The Federal Reserve’s implicit patience in deciding when to begin lifting interest rates is raising the odds for the Standard & Poor’s 500 Index to hit 2,600 this year, according to Yardeni Research Inc.

There is now a 30 percent chance that the S&P 500 will reach that level in an “irrational exuberance scenario,” up from 20 percent, according to Edward Yardeni, the president and founder of the research firm. His “rational exuberance scenario” remains at 60 percent with a target of 2,150.

“If the fundamentals do improve, all the better,” Yardeni wrote in a note to clients today. “If not, then repeat: They can count on the central banks to provide yet another round of ultra-easy money, which will send stock prices still higher. We will probably have occasion to repeat our appreciation again and again before the end of the current bull market.”

Global stocks rallied Wednesday, with the S&P 500 jumping 1.2 percent, after the Fed said higher interest rates in April are unlikely and it won’t tighten until it is “reasonably confident” inflation will return to its target and the labor market improves further. Policy makers also lowered their median estimate for the federal funds rate for the next two years and cut their assessment of the economy.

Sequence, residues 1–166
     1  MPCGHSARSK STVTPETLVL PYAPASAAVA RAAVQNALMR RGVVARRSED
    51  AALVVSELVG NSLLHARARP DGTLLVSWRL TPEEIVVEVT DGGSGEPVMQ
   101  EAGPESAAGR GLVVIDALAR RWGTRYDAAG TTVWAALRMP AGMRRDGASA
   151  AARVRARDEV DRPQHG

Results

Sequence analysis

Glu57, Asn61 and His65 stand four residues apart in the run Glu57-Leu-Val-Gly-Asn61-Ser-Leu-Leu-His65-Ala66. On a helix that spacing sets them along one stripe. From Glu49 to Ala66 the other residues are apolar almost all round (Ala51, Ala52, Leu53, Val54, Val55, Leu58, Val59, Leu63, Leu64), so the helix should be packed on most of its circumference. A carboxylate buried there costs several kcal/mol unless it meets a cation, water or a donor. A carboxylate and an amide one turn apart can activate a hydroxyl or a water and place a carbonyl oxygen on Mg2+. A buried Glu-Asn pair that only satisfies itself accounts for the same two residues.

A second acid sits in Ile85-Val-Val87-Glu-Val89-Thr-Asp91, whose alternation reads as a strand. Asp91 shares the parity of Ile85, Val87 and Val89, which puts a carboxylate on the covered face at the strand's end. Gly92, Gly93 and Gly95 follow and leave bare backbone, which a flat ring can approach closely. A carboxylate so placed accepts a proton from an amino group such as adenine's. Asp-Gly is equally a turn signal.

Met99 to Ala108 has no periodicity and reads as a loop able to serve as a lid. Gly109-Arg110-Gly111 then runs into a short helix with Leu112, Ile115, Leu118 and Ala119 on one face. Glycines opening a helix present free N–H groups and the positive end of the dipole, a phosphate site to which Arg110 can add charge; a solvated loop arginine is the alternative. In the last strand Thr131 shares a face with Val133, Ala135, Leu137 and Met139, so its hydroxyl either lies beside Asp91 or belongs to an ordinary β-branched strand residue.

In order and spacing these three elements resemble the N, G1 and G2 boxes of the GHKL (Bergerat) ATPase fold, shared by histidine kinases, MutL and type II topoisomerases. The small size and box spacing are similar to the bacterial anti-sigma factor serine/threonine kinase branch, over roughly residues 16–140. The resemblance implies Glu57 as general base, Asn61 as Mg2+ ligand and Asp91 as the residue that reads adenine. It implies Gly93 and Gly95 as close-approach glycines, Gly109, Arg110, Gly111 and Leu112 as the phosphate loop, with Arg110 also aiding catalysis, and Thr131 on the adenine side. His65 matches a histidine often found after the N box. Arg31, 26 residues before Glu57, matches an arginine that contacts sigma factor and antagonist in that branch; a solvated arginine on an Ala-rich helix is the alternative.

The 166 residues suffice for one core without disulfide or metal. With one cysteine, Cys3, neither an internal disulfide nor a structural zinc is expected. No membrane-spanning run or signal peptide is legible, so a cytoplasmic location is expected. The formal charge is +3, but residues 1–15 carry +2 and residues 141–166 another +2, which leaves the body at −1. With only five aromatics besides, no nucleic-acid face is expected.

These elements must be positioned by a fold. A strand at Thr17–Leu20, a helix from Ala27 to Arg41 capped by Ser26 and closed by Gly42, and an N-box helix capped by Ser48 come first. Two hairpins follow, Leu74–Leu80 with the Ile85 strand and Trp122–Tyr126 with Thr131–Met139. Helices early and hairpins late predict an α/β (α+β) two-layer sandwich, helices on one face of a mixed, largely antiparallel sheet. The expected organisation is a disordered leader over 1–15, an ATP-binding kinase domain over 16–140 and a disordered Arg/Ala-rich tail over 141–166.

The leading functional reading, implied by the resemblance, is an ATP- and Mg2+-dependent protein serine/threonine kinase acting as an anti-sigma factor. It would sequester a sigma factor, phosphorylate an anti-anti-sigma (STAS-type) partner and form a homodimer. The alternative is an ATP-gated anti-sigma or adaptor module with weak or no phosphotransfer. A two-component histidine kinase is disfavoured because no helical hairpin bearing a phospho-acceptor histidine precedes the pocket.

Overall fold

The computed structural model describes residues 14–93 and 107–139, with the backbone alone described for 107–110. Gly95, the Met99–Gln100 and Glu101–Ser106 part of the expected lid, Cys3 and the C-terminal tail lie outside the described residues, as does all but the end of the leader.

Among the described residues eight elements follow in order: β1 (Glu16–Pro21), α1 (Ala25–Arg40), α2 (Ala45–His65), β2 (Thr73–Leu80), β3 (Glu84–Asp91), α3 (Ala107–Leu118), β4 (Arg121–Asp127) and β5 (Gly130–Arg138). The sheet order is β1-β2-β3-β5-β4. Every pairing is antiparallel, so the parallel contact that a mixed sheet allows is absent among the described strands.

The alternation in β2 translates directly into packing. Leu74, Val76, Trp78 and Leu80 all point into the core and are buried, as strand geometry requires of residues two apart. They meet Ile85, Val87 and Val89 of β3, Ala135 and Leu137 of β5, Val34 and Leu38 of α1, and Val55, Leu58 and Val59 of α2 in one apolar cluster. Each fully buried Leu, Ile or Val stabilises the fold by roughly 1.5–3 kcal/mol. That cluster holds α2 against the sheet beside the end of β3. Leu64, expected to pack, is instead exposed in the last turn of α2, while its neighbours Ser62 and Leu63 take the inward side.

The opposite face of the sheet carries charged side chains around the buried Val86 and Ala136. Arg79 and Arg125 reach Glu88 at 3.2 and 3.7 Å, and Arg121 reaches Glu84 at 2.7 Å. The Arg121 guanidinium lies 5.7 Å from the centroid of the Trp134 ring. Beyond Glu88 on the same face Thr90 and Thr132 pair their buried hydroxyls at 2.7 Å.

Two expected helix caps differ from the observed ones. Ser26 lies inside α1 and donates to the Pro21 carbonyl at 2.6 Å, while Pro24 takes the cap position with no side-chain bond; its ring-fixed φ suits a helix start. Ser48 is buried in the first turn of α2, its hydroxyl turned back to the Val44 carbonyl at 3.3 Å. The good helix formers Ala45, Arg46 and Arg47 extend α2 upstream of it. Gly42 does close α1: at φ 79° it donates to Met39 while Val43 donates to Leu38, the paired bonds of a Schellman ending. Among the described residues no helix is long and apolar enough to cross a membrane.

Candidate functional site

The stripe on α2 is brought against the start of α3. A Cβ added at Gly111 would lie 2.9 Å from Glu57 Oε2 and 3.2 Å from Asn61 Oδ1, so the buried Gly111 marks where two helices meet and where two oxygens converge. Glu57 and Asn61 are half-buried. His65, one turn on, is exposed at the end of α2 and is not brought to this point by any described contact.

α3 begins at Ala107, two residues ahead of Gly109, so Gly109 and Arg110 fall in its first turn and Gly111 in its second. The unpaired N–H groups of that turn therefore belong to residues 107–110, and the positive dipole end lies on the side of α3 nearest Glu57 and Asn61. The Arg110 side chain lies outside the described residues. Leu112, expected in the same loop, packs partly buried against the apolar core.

24 Percent

Yardeni’s most optimistic forecast represents a 24 percent increase in the S&P 500 from yesterday’s close. On average, Wall Street strategists predict the benchmark gauge will end the year at 2,237.

Sentiment toward U.S. stocks is far from irrational exuberance. The percentage of global money managers who are underweight American equities is the highest since 2008, a survey by Bank of America Corp. showed earlier this week. A net 35 percent of respondents in the survey picked the U.S. as the worst place to invest in the next 12 months, the most in almost a decade.

U.S. stocks trail virtually every developed market in 2015 as accommodative central-bank policy from Europe to Japan lifts global equities and the Fed winds down programs that helped the S&P 500 triple since 2009. After beating global stocks every year since 2009, the S&P 500 was up less than 2 percent in 2015 through yesterday, compared with an almost 3 percent advance in the MSCI World ex-USA Index.

“Yesterday’s FOMC statement deleted the word ‘patient’ regarding the Fed’s rate-hiking plans. Yet the tone of the statement suggests that the FOMC remains very patient, and is in no rush to raise rates,” Yardeni said. “The melt-up in global stock markets can proceed.”